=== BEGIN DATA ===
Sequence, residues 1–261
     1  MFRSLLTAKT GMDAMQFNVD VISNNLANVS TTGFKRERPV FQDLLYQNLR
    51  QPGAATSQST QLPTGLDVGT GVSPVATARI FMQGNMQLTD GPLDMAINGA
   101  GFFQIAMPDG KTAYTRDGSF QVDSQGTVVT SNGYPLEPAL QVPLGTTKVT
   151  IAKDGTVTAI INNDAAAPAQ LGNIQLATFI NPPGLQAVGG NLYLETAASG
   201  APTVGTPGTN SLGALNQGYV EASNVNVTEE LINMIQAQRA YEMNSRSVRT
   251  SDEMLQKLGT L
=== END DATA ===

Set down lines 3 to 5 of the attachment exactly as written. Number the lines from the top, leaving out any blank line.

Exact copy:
    51  QPGAATSQST QLPTGLDVGT GVSPVATARI FMQGNMQLTD GPLDMAINGA
   101  GFFQIAMPDG KTAYTRDGSF QVDSQGTVVT SNGYPLEPAL QVPLGTTKVT
   151  IAKDGTVTAI INNDAAAPAQ LGNIQLATFI NPPGLQAVGG NLYLETAASG